BATH TOWNSHIP — The Bath Township Zoning Commission agreed by a 4-1 vote to recommend to Bath Township trustees that they adopt amendments to zoning regulations, despite concerns raised from about 50 residents attending a hearing Thursday night.
Decreased property values and changing the current makeup of Bath Township neighborhoods were among the concerns township residents voiced about the proposal to establish a state Route 309 corridor overlay district.
The dissenting vote was cast by zoning commission member Chris Fultz.
The amendments to the zoning regulations will allow for the overlay district to be created, if approved by township trustees. The trustees will need to hold another public hearing before the overlay district would be approved.
There has been a heavy demand for development along the Harding Highway corridor. The commission felt the overlay district would be the best way to accommodate the business development in a controlled fashion.
Cheryl Roeder, 2226 Makin Drive, said she had concerns with property values decreasing with placing businesses next to homes.
“If someone buys a lot, a house could be taken down and Speedway could be to the back of my home,” Roeder said.
Ruth Hollenbacher, a St. Andrews Boulevard resident, also expressed concerns. “I’m tired and worried that our neighborhood of 47 years will change, and not for the better,” she said.
Tim Kiracofe, a Lost Creek subdivision resident, said he was concerned with the impact of the overlay district.
“This overlay is an embarrassment from the trustees that tears apart the neighborhood and families. We need to take a stand, and I’d vote no,” Kiracofe said.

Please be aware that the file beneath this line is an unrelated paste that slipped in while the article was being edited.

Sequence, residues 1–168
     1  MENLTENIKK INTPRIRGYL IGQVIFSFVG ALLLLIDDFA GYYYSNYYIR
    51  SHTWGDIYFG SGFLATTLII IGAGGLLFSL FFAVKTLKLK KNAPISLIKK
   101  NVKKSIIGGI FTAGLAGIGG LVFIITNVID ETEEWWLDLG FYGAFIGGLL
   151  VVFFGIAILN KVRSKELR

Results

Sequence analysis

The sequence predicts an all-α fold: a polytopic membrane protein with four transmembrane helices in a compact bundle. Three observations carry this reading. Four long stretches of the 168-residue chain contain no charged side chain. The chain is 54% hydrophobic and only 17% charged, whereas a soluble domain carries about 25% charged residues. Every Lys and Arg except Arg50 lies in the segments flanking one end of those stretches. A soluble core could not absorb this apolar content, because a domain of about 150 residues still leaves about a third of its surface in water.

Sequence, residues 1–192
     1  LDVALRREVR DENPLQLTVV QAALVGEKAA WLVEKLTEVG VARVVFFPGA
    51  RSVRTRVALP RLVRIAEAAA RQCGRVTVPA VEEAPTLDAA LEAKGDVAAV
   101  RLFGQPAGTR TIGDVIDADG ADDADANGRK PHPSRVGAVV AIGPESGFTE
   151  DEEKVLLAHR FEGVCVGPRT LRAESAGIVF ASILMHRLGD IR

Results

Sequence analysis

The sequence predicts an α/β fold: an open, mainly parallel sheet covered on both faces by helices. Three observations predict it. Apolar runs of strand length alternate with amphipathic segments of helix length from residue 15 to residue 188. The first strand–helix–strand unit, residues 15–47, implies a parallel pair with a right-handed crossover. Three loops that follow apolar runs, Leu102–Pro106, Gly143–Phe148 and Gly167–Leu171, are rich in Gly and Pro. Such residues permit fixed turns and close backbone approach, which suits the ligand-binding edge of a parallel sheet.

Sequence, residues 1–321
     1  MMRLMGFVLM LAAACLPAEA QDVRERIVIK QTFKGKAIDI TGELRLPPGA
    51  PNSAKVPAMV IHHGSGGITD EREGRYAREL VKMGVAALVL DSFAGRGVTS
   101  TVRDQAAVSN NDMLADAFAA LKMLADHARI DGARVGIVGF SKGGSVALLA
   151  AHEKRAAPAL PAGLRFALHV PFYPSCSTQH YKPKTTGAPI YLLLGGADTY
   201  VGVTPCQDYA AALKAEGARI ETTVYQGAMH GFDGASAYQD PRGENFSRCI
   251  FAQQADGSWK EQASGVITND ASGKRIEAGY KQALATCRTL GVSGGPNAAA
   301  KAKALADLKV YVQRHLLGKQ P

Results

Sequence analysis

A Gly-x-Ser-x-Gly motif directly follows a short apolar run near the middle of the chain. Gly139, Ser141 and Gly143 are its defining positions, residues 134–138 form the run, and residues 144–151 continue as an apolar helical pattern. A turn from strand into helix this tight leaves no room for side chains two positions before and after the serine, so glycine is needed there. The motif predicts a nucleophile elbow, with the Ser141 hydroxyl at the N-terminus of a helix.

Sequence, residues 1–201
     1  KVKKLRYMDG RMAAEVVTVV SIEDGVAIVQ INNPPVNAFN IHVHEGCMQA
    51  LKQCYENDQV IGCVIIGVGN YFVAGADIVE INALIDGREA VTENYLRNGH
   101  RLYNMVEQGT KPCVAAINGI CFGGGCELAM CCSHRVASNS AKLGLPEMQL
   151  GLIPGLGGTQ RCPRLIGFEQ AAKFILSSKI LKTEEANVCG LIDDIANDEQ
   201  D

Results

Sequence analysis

If final approval is given, the zoning changes won’t affect the owners of properties already there.
The overlay takes in properties bordered on the south at state Route 309 from Saratoga Avenue at the west, to a point at the east located two parcels west of Devonshire Drive and extending to the north between one and six parcels.
“These amendments have been in the works for a few years, and the trustees have discussed this. The overlay district is a planned unit development,” said Ian Kohli, Bath Township Zoning Commission chairman.
Kohli said the overlay district will allow individuals who have a specific projects in mind to know what the parameters are in advance.
According to Kohli, residents will know what it is they’re allowed to do, and what they’re not allowed to do so that they have complete understanding of that requirements are going to be and what is the nature of the plan that they have to fit their development plan in.
When someone submits an application for a planned unit development, the trustees will review the application, and it must be approved by them, said Scott Campbell, zoning commission clerk.
The zoning commission will make a recommendation to the township trustees that will be reviewed at a later date. The trustees will have another public hearing at a later date when the recommendation will be considered.
Development plans will be required to be submitted by the applicant to the Bath Township trustees. Details must include storm drainage, lighting and parking lot plans and the trustees will have that information before they make that decision.
The Harding Highway corridor has seen fundamental changes in Lost Creek. On the edge of the south side of Lost Creek’s subdivision, there have been nine vacant lots.
The unit development plan overlay plan would affect property owners on parts of Bath Township inside a thin strip of land between Harding Highway and a line extended east from Makin Drive.
“The first person who does this will set a precedent and we can’t intrude on their neighbor’s property,” said Clarence Roller, the zoning commission’s vice chair.
Reach Jennifer Peryam at 567-242-0362.